Injury to Beattie Hampers Saints
SOME BRILLIANT PASSAGESAn injury to Beattie, their centre forward, disorganised the St Johnstone attack, and they were a well beaten team at the finish of the match at Pittodrie. Beattie received an ankle injury midway through the first half, and was in the pavilion until the interval, when he resumed at outside right. He was more or less a passenger in the second period. Aberdeen, too, had to reorganise their right flank, as the result of a shoulder injury to Cooper, but they did not allow this to affect them so badly as was the case with St Johnstone. Cooper went to outside right, Beynon took the inside berth, McKenzie went to the right half and Dunlop to right back. The Saints' attack in the second half was Beattie, McLaren, McCall, Ferguson and Nicholson. A high wind also played its part in making good football difficult. Play was scrappy at times, but on other occasions there were some brilliant passages. Aberdeen adapted themselves to the conditions better than their opponents. The Dons were more solid in defence, and carried more power in attack. They finished worthy winners.
Against the WindDespite the fact that they faced the wind, Aberdeen took the lead in five minutes, when Beynon cleverly beat Clark and parted for Strauss to drive into the net. The loss of Beattie seemed to spur the Perth men to greater efforts, and in thirty minutes they drew level. Falloon failed to clear a Nicholson pass and McCall seized the chance to find the net. Aberdeen were a more impressive company in the second half, and in seven minutes they regained the lead. Beynon headed down a Thomson lob, and Armstrong first-timed the ball into the net with his left foot. Fourteen minutes later a mix-up in the Saints' defence led to a third goal. It was left to Wylie to clear a hefty up-field punt by Dunlop, but before he could reach the ball Strauss dashed in to loft it over his head into the net. Seven minutes from the end McLaren fouled Thomson inside the penalty area, and Mills netted from the spot kick.
Dunlop Takes HonoursAberdeen's defence was sound. Smith did all that was required of him, while Cooper and McGill were a pair of steady backs. The half line generally had the measure of the St Johnstone attack. The honours in this department go to Dunlop, who gave a clever exhibition in the first half and pulled his weight when he went to right back. With Fraser fit again the Aberdeen directors will he faced with a difficult problem this week. Thomson played a steady, if not brilliant, game at left half, and Falloon worked hard, although he was at fault when St Johnstone scored. The attack moved well at times, especially in the second half. Although closely attended by Moulds during the whole game, Armstrong kept the line together and took his goal smartly. Beynon, both at outside and inside right, was always dangerous, but McKenzie, although he was a hard worker, did not reveal his best form. Mills was more enterprising than In recent matches, and Strauss once again proved his abilities as a match-winner. The South African has an excellent record for an extreme winger. He has scored twelve goals in eleven matches.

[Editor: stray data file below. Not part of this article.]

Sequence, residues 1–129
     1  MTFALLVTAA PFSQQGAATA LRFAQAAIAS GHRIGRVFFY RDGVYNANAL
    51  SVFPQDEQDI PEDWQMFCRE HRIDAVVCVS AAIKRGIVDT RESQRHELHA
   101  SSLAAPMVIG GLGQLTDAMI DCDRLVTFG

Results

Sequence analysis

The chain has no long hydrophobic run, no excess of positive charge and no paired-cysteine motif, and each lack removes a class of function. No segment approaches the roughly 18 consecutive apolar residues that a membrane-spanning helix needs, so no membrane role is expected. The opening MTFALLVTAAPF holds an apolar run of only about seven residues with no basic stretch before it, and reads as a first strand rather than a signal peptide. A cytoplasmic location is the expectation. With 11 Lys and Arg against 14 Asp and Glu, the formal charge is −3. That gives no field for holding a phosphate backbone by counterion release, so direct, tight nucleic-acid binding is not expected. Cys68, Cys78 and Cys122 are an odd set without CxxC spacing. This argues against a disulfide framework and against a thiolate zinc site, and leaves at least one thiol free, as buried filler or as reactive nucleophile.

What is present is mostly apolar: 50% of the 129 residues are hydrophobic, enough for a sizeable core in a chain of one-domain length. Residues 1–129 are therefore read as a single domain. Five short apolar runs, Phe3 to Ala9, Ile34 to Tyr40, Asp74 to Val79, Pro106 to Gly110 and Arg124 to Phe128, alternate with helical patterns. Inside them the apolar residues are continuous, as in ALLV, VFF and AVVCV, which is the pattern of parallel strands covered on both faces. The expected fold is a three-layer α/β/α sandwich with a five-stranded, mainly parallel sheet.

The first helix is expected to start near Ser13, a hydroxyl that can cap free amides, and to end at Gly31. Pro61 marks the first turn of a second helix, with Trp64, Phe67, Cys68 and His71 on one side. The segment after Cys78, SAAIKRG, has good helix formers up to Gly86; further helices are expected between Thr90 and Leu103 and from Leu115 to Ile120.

Visitors' Defence WaversSt Johnstone's defence put up a plucky fight, but was inclined to waver under pressure in the second half. Wylie could not be blamed for the defeat and had a number of good saves, but Welsh and Clark never got a grip of the Aberdeen wing men. Moulds was a strong defender, and Dickie, a former Don, gave a grand display. The left half played a big part in holding the Aberdeen attack in the first half. The attack was never happy after the injury to Beattie, and their fleeting raids rarely threatened danger. McCall tried hard to get the line working together, but met with little success, and McLaren was the only other forward who impressed as likely do any damage.
Source: Press & Journal, 26th October 1936